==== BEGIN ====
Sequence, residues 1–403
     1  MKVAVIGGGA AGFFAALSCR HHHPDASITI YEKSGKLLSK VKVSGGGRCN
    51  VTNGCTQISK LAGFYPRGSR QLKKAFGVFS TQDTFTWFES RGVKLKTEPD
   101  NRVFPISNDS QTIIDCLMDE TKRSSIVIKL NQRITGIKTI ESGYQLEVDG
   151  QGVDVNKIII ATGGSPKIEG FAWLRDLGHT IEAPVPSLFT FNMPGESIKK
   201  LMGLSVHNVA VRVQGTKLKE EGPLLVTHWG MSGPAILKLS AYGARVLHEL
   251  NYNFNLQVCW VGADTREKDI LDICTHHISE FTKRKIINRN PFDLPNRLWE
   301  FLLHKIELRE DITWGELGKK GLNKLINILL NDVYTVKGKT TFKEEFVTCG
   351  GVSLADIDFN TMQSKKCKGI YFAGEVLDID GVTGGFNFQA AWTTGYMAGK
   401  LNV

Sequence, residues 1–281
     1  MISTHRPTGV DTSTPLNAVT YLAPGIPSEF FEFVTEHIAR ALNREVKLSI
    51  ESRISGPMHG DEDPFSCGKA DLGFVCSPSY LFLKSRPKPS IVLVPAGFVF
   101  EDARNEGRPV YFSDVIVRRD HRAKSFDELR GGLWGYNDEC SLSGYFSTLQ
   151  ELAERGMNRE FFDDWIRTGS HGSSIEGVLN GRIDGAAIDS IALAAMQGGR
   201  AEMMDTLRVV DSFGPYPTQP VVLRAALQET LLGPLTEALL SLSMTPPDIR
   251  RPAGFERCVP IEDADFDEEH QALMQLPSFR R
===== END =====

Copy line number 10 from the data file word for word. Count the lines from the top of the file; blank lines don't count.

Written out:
   401  LNV